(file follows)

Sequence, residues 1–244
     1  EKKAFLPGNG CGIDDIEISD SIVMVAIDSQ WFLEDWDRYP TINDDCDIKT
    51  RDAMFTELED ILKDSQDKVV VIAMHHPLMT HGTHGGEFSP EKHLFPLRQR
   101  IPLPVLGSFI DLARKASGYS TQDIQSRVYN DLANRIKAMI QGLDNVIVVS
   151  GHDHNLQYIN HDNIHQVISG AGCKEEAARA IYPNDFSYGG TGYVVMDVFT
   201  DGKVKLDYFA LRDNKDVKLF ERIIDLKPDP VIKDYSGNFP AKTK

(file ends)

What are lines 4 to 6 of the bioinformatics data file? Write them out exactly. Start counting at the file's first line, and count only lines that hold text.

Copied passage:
   101  IPLPVLGSFI DLARKASGYS TQDIQSRVYN DLANRIKAMI QGLDNVIVVS
   151  GHDHNLQYIN HDNIHQVISG AGCKEEAARA IYPNDFSYGG TGYVVMDVFT
   201  DGKVKLDYFA LRDNKDVKLF ERIIDLKPDP VIKDYSGNFP AKTK